Certification in ABCT consists of proudly wearing your Rothbard “Enemy of the State” and Mises “Tu Ne Cede Malis!” T-shirts* in public with the confidence that comes with not only understanding the benefits of a voluntary society, but having the ability to explain it to others who dare to ask.

What, you don’t have one yet? Better head to the store!

(* Also acceptable, Hayek’s shirt. Bonus points awarded for those who carry a Rothbard flask in public.)

Rob September 7, 2010 at 3:32 pm

There’s a Rothbard flask?

Marc Sheffner March 29, 2010 at 8:13 pm

Sounds fascinating. I’d like to participate, but I’ll be teaching a full load of university classes starting April 9th till the end of July. And I do need my beauty sleep. Is my participation out of the question?

In addition, I would appreciate a little more info on how someone could participate online only:
1) How many hours (approx) per week and in toto should I expect to put into this?
2) Of #1, how many hours (approx) per week and in toto would be online (assuming I download all the reading materials and read them off-line)?
3) How exactly are the “Lecture, reading and extra-credit discussions” conducted? Can someone attending only digitally (i.e. by distance-learning), not physically, still take part in these, and if so, how?
4) How does a digital (distance-learning) participant do the essays, quizzes and final exam? Online? Downloaded, answered off-line, then uploaded to a website (like Google Docs)? Sent as an attachment to an email? Faxed? Pigeon post?

Thanks. I’m amazed that this is even possible. The “bounty of capitalism” indeed.

J. Grayson Lilburne March 30, 2010 at 9:40 pm

Hi Marc,
We would LOVE to have you, even if your participation might be somewhat limited due to your teaching load. We are flexible with regard to scheduling, because the lectures will be recorded, the weekly forum topics will be open 24 hours/day all week long, and you can take the weekly quiz anytime from Friday through Sunday.

Regarding hours, with your limited schedule, and given your scholarly background, if you could put in between 20-30 minutes per night, I think that should be enough.

Regarding discussions, they, like all the course components, are 100% distance learning. The discussions are held in web forums, in which people can post 24 hours/day, much like the Mises Blog comments!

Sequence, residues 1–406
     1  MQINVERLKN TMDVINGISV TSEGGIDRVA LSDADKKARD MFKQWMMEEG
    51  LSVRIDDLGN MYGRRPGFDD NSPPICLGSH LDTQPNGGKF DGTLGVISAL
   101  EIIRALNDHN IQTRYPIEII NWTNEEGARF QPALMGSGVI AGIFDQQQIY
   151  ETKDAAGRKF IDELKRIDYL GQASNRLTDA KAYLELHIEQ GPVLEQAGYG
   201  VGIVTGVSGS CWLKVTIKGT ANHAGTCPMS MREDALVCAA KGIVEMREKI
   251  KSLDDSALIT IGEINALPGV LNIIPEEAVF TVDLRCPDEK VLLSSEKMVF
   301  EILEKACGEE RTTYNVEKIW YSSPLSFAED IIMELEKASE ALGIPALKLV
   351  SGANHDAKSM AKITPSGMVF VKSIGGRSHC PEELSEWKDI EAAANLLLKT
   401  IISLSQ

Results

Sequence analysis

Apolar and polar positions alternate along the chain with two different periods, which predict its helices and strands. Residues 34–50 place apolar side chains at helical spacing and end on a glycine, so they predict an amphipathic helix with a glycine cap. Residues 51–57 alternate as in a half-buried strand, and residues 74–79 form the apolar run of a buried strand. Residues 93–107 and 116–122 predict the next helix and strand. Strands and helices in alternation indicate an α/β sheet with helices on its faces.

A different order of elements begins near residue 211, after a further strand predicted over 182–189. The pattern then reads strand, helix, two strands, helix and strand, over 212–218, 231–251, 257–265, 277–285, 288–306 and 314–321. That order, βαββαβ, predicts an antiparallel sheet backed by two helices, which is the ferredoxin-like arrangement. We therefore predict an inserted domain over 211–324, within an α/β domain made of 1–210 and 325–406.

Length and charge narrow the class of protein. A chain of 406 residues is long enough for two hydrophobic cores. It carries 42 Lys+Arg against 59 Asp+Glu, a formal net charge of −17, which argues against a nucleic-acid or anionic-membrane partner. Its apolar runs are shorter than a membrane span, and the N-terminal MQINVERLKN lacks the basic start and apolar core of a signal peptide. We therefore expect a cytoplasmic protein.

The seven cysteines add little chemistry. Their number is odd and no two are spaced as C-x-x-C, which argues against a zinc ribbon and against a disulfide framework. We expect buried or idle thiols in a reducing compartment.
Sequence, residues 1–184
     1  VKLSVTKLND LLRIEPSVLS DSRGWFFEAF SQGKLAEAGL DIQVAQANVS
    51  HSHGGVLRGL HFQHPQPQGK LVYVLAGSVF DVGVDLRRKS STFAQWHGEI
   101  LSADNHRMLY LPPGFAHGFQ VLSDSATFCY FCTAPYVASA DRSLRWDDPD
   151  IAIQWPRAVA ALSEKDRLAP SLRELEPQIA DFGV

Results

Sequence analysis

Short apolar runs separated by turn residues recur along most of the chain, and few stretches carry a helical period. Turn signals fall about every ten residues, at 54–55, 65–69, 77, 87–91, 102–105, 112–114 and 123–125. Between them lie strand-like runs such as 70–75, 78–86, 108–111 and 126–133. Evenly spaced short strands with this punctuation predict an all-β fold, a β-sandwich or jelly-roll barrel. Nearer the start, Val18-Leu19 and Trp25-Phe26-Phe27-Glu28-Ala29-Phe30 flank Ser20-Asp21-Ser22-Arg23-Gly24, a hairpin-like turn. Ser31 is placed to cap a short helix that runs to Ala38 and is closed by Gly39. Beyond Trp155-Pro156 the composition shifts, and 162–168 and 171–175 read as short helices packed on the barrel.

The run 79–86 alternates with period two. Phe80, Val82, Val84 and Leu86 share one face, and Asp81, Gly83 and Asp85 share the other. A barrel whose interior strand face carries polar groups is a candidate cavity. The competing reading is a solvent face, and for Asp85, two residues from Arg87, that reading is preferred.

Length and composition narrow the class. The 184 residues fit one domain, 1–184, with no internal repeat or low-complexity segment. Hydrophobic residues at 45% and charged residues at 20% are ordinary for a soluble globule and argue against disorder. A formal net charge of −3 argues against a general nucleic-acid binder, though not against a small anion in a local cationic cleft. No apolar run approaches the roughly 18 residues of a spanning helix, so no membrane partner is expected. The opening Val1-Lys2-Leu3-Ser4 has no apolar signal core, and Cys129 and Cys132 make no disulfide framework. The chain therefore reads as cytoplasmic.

Regarding materials submissions, it’s all online. Essays are uploaded as files. Quizzes and tests are done “in-browser” with the “Moodle” software.

Thank you for your interest in the Mises Academy, and let us know if you have any other questions!

J. Grayson Lilburne March 31, 2010 at 9:16 am

Also, Marc, since you’re busy, you could take the course “Pass/Not Pass” instead of taking it for a grade, if you like…

Tian March 29, 2010 at 8:46 pm

I would love to attend. But I am no longer a student and my day time job won’t be over until 5:00pm pacific time, which is 8:00pm east time. Is it possible to schedule it at least partially in the weekend, especially if the number of people who have time conflict during the weekdays are not trivial? Also, an online poll collecting information about the time zone of those who have interests in attending would be helpful…

J. Grayson Lilburne March 30, 2010 at 9:41 pm

Thank you Tian; we will definitely carefully consider those ideas!

Accelerated online degree Genius August 28, 2010 at 3:04 pm

Accelerated online learning is the way to go for busy professionals on the go. It works for the working college student, it works for the busy single parent and it works for the busy real estate pros as well. The outlook for online course studies is looking very bright.

Cardinal February 25, 2011 at 3:10 am

Taking distance learning courses are quickly and quietly becoming the newest trend in higher learning. Many companies and educational facilities are starting to use virtual learning as the preferred method of training.